We stood beside the car on a dirt road in the Flathead National Forest, peering east at a silver ribbon of river. It shimmered through a forest of pines flecked with gold larches that stretched clear to the base of blue mountains. We could hear them but we couldn’t see them: wolves.
I was back in my home state inside an expansive region I call the Montana Triangle. I was with my best friend Lido Vizzutti, a photojournalist. We became neighbors in middle school. Montana is the state where, in summers, we slept in a field between our houses, climbed hills looking for wildflowers, played in the middle school band, and in high school began taking our first road trips together as a reporter and photographer pair.
We were at the start of an epic, week-long 1,200-mile road trip to see in one loop three of the most majestic and dynamic large, preserved landscapes on planet earth: Glacier National Park, the American Prairie Reserve, and Yellowstone National Park. A terrestrial constellation—the Montana Triangle. And we would string these wild places together by stopping in between to eat good food and drink great beer. Our purpose was to reconnect with the landscape that reared us alongside each other and add another adventure to our long friendship.
We were near Glacier, our first star in the Montana Triangle. Because I live in New York City now, I was extra eager to watch wildlife, catch trout, see the last glaciers before they inevitably melt, hike, camp, and let my sense of the possible be rejuvenated by nature. After stints in Tennessee and London, Lido is now back in our hometown, Missoula. At the time of our trip, he and his wife were only months away from welcoming their first child (lest there be any question how tremendous she is). Meanwhile, I’ve been away for 15 years. But I still miss Montana like mad. Lido and I were probably talking about one of these facts when we were silenced into goosebumped reverie by the wolves’ arias.
“That,” Lido said, grinning, with eyebrows raised, “is legit.”
At the top of Going to the Sun Road, the pièce de résistance of the million-acre national park, we hiked past families of white mountain goats and tan bighorn sheep to a cobalt lake ringed by jagged crags. Fat cutthroat trout with black speckles and red chins rose to the flies we cast. A waterfall in the Many Glacier Valley cascaded in front of an impressive pyramid-shaped peak called Mount Grinnell. On the Blackfeet Nation Reservation, Lido spotted a family of husky black bears in a grove of cottonwood trees blazing in fall orange. We were just getting started.
The tone of our trip was set the first night. After campfire-roasting bison sausages bought at a classic market called M&S Meats, we walked to the brisk shores of Bowman Lake. In the crook where the mountains open to a sky of a trillion stars, the Northern Lights danced a celestial fandango—ribbons of yellows, greens, and purples. I came into the Montana Triangle with high expectations. It would surpass them all.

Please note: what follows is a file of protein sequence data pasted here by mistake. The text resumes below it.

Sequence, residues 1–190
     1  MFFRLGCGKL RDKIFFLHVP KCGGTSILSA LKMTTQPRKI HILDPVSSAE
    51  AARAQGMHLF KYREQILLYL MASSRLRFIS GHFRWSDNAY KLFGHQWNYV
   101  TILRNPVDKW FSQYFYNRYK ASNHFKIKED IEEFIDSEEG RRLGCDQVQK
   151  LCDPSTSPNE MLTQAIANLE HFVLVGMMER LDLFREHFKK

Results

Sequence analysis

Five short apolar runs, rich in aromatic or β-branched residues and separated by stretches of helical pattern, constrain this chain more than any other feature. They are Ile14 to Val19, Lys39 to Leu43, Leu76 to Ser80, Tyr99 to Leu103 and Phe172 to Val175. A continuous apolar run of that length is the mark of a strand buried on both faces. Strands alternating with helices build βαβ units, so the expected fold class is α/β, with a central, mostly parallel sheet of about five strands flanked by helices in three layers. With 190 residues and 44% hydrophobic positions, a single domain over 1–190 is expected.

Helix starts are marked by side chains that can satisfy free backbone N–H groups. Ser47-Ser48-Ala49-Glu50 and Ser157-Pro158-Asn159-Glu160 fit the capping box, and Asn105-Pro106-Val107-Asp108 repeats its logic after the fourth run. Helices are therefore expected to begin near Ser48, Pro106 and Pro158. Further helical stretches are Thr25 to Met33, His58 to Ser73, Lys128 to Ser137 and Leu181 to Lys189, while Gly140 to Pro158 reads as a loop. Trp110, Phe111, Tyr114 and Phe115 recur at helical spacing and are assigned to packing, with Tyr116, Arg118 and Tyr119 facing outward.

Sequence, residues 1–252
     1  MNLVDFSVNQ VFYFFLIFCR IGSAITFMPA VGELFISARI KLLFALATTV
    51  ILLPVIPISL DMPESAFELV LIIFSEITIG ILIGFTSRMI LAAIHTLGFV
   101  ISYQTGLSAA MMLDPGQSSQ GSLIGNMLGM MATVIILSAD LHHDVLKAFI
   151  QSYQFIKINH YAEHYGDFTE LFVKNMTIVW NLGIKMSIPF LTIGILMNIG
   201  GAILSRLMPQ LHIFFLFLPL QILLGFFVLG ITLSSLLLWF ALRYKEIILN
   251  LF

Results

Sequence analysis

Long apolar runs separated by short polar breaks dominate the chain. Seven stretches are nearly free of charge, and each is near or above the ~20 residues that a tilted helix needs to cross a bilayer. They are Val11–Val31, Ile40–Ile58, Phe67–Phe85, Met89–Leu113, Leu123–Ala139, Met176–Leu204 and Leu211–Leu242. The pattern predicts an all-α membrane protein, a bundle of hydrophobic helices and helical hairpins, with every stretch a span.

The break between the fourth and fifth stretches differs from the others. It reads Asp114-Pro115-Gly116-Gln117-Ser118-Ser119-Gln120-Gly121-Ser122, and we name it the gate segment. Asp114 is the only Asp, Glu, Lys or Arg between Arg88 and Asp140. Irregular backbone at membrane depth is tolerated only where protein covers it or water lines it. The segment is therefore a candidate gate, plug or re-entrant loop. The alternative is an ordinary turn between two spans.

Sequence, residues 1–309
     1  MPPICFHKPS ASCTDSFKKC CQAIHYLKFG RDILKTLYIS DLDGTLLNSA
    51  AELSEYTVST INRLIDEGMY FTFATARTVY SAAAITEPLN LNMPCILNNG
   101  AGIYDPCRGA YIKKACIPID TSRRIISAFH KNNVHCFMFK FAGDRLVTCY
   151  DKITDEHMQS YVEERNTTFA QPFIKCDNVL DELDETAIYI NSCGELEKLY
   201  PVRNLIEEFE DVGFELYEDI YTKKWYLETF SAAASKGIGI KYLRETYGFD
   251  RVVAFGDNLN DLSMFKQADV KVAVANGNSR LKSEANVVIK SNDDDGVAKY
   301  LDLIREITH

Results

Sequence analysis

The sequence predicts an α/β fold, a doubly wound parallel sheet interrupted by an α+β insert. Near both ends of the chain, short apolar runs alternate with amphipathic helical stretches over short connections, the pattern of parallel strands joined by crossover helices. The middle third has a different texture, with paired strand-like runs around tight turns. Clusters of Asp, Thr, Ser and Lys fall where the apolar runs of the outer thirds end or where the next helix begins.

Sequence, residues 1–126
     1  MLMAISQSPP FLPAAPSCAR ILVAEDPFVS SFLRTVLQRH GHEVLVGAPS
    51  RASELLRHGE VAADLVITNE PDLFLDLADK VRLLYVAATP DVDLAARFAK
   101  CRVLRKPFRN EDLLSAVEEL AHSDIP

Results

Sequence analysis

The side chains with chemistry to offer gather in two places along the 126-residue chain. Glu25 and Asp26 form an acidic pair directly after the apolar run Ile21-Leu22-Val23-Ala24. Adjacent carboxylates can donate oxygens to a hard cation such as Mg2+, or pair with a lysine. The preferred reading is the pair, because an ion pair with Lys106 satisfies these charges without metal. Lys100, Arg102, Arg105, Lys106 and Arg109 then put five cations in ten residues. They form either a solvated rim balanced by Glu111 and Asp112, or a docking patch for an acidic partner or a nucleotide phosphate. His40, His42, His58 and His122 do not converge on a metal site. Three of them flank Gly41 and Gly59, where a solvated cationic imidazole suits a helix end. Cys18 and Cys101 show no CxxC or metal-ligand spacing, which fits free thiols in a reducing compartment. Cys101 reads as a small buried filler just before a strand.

The Montana Triangle is massive, and that’s the point of taking a trip like this. About the size of Maine, the Montana Triangle spans the Continental Divide and contains both the Rocky Mountains and the Great Plains. In addition to national parks and forests, it encompasses college towns, farm towns, Native American reservations, wildlife refuges, snow-tipped mountains, cerulean lakes, shimmering wheat fields, river valleys, supersize ranches, 20-acre ranchettes, marvelous breweries, welcoming bakeries, retro drive-ins, and truck stops clanging with video Keno. It’s also the heart of America’s most intact ecosystem outside of Alaska. Despite the metastasization of housing subdivisions in what used to be horse pastures, Montana is mostly still wild, open, and awesome. It is what one of her greatest journalists, Joseph Kinsey Howard, declared in the title of his 1943 book, “Montana: High, Wide and Handsome.”
In 2016 the Montana Office of Tourism and Business Development finished a popular advertising campaign. It boiled down to just seven letters and two words: “Get LOST.” The words, printed on green, Montana-shaped decals, shouted from the bumpers of diesel pickups, the sides of tall grain silos and even the flanks of commuter trains in Chicago. I always thought the campaign was clever because it could be read both as a beckon to harried Montanaphiles and a tell-off to anybody whose soul isn’t stirred by the sight of a bull elk on a mountain ridge. But the word “LOST” also always made me think of the Bermuda Triangle. A look at a map made me realize, though, that Montana has a triangle all its own. A massive scalene one, with a perimeter drawn roughly by Highway 2 to the north, Highway 191 to the east, and Highway 93 and Interstate 90 to the west. They link the vertices: Glacier, the American Prairie Reserve, and Yellowstone. Incredible landscapes, teeming with wildlife that are emblematic of some of the most audacious American conservation efforts of the 19th, 20th, and 21st centuries.